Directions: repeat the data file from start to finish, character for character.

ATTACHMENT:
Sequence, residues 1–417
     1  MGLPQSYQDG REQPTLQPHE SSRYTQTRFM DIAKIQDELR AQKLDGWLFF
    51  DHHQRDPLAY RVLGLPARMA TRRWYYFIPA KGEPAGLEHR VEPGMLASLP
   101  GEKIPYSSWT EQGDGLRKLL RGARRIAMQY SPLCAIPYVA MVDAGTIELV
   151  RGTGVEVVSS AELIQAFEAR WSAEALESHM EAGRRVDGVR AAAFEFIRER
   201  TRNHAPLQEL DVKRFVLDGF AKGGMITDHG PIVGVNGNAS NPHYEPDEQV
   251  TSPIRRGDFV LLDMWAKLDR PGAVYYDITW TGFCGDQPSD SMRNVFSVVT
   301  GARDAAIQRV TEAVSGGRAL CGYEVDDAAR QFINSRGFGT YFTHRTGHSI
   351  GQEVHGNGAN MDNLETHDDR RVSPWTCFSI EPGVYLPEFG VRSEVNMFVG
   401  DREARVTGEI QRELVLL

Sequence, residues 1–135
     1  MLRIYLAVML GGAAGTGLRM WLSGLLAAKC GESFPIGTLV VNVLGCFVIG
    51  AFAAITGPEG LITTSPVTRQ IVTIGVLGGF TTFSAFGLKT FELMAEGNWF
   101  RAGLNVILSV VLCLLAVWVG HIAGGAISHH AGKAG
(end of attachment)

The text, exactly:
Sequence, residues 1–417
     1  MGLPQSYQDG REQPTLQPHE SSRYTQTRFM DIAKIQDELR AQKLDGWLFF
    51  DHHQRDPLAY RVLGLPARMA TRRWYYFIPA KGEPAGLEHR VEPGMLASLP
   101  GEKIPYSSWT EQGDGLRKLL RGARRIAMQY SPLCAIPYVA MVDAGTIELV
   151  RGTGVEVVSS AELIQAFEAR WSAEALESHM EAGRRVDGVR AAAFEFIRER
   201  TRNHAPLQEL DVKRFVLDGF AKGGMITDHG PIVGVNGNAS NPHYEPDEQV
   251  TSPIRRGDFV LLDMWAKLDR PGAVYYDITW TGFCGDQPSD SMRNVFSVVT
   301  GARDAAIQRV TEAVSGGRAL CGYEVDDAAR QFINSRGFGT YFTHRTGHSI
   351  GQEVHGNGAN MDNLETHDDR RVSPWTCFSI EPGVYLPEFG VRSEVNMFVG
   401  DREARVTGEI QRELVLL

Sequence, residues 1–135
     1  MLRIYLAVML GGAAGTGLRM WLSGLLAAKC GESFPIGTLV VNVLGCFVIG
    51  AFAAITGPEG LITTSPVTRQ IVTIGVLGGF TTFSAFGLKT FELMAEGNWF
   101  RAGLNVILSV VLCLLAVWVG HIAGGAISHH AGKAG